The Hip Abduction | The Hip Abduction
album review by John Powell
Florida’s The Hip Abduction is a refreshing meditation. Their self-titled second set is inspired, calming, loose world-beat and pop-infused reggae. Set up in classic reggae group fashion (drum n’ bass, guitars, percussion, and a horn section), they add in kora and n’goni.
As a band, they’re reminiscent of early John Brown’s Body, in the sense that all their music is cooling, soothing, upbeat, and positive. The lyrics are quick to learn and a balance of introspection and retrospection. This album in particular rides through many splendid melodies and horn licks.
On “Children of The Sun”, singer David New near-hums, “We come alive when we feel the heat,” as the band ebbs and flows, and between the instrumentation and the lyrics, (“Ride that wave back to me”), The Hip Abduction takes you to a tropical summer night. It’s fascinating to hear a band work such transporting magic. Within minutes you’re no longer where you were. You’re present with them in their moment.
Some of the songs turn to nasty roots. “All Eyes” rumbles with hot fire. When David sings, “Put out the fire/ the embers caught fire again,” you can’t help but tune in. Added “Ooh oohs” brings forth a Kevin Kinsella comparison.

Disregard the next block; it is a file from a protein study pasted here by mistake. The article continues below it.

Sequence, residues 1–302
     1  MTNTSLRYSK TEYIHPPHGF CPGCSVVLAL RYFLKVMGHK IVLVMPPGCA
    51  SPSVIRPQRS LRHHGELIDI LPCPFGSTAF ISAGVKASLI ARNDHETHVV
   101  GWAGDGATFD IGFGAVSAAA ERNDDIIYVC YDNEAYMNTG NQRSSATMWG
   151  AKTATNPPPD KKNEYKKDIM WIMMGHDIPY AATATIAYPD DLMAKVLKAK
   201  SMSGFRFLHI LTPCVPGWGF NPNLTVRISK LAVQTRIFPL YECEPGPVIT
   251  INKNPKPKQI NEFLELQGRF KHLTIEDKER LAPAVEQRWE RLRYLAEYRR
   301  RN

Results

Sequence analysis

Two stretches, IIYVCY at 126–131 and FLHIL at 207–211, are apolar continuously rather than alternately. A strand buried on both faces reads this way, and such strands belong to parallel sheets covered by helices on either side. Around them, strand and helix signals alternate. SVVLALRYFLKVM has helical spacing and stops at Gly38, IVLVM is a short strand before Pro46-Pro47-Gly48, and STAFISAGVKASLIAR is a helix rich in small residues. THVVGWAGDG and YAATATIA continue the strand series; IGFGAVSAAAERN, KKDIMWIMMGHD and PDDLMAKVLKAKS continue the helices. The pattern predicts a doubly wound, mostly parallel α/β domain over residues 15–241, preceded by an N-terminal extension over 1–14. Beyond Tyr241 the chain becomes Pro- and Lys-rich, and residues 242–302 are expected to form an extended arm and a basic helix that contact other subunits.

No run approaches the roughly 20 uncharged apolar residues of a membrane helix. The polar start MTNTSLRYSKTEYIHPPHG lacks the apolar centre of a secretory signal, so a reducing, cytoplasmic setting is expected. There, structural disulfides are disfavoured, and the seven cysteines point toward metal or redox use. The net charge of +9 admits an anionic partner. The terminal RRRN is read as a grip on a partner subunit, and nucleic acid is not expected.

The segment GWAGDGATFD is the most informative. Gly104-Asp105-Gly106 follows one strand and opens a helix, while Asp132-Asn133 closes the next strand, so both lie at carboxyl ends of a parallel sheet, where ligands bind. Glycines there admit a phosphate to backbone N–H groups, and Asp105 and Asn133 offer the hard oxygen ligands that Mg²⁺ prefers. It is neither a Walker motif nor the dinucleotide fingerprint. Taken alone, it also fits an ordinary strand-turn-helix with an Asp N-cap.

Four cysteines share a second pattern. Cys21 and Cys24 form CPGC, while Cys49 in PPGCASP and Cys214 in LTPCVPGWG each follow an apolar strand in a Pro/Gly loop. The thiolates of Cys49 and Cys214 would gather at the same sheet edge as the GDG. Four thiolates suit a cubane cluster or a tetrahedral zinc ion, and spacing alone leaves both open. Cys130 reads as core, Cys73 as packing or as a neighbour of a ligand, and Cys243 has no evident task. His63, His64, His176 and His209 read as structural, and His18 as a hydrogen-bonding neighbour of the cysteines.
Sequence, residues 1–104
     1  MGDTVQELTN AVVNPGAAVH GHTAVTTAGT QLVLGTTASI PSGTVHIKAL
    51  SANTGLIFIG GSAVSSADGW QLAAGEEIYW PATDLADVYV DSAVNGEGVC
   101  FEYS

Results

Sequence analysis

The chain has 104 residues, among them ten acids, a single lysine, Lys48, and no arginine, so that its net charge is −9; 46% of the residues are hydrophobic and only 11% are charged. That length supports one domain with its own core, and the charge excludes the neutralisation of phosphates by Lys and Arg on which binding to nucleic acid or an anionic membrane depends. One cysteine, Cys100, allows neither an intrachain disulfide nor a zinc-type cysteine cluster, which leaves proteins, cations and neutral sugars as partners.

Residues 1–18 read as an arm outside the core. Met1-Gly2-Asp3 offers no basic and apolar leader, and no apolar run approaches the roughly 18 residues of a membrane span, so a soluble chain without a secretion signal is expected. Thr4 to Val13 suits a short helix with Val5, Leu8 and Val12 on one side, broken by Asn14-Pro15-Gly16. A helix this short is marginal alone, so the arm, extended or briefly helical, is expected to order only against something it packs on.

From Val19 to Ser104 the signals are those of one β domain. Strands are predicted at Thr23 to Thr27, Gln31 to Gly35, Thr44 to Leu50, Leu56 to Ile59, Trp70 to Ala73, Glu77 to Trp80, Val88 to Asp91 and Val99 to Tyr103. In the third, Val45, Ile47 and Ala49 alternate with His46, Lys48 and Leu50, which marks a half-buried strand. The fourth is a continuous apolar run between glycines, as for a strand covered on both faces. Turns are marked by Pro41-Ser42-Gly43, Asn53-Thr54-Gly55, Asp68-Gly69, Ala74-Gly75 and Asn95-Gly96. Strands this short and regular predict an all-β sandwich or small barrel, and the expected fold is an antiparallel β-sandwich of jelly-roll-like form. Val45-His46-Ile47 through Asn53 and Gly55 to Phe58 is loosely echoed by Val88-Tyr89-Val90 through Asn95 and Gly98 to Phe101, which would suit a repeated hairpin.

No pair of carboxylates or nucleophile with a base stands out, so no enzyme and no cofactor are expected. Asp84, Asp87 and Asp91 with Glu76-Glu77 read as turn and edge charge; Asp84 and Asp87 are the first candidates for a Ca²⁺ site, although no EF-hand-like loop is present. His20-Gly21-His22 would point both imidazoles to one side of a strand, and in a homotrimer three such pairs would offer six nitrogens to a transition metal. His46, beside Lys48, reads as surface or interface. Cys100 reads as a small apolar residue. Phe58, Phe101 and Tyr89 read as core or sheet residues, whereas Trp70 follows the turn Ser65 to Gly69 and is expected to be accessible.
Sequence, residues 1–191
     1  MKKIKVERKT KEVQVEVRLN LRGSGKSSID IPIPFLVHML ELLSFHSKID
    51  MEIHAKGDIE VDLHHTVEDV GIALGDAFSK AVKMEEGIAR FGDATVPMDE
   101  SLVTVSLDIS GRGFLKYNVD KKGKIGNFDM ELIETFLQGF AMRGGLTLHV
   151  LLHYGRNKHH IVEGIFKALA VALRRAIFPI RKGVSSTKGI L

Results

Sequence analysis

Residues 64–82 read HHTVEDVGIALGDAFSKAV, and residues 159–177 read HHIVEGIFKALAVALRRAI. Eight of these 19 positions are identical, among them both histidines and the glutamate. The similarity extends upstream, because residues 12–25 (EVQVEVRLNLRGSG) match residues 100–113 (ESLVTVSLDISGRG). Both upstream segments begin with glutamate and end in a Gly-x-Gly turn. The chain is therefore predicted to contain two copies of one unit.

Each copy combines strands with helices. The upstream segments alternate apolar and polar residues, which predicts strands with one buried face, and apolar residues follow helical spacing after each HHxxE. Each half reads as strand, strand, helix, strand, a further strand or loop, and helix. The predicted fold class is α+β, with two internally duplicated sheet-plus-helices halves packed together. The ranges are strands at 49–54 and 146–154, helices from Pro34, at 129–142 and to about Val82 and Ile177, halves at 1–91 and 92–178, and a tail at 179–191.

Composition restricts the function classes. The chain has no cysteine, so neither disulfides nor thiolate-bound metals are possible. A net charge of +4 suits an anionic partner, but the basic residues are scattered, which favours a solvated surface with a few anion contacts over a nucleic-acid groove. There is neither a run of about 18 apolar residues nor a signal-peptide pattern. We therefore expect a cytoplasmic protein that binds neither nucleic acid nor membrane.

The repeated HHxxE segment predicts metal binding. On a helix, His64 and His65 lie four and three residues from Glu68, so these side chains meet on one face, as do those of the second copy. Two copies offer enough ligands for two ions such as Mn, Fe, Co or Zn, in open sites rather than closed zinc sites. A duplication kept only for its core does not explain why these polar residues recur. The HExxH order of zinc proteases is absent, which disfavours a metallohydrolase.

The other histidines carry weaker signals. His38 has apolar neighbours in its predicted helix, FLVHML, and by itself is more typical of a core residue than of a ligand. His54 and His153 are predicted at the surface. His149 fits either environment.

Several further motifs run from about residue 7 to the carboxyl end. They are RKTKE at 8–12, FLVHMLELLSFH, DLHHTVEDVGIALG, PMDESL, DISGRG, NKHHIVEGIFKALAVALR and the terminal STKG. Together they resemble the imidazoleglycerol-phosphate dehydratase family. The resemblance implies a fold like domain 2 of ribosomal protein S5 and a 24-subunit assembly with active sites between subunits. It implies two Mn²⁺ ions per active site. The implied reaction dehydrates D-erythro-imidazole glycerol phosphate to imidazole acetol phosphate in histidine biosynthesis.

With “Breathless” they turn to strict Afrobeat. The organ, bass, and horns all align wonderfully. The album passes through these genre paths with grace. “Walk Away” is a slinky mix of sounds. Reggae with n’goni is a great use of the instrument, especially with how pop savvy these guys are.
While, in reality, each song on this album is worthy, three are exceptional. “Holiday”, on first listen, nearly brought tears to my eyes. The use of sparse instrumentation and the slow build of sonics, along with powerful lyrics, are inescapably glorious; exemplifying what makes THA sound unique.
The one instrumental, “La Resaca”, is built for dancing. Any hippie in a skirt and barefeet will have to lose control on this jam that sounds like Toubab Krewe teaming up with 10 Ft. Ganja Plant. The dueling strings, the punctuated bass- it’s dreamy.
Finally comes “Live it Right”, a song that answers the call for a sunny side up reggae song. “I feel all right today,” David sings; “Nothing gonna bring me down today…Live it right/ Good vibrations are coming through the night.” This could sound contrived, but the truth about The Hip Abduction is that they are this music. It clearly comes from that holy place.
Some bands pick a genre and try for it. THA is their sound. They are reggae music. They are Afrobeat. They are the good vibes they’re trying to emote. As reggae continues to gain footing in America, and more and more bands try their hand at such a unique and powerful sound, THA are one of the better ones, and a group to watch. I love this record.
Bottom line: Florida-vibes reggae music with West African instrumentation added.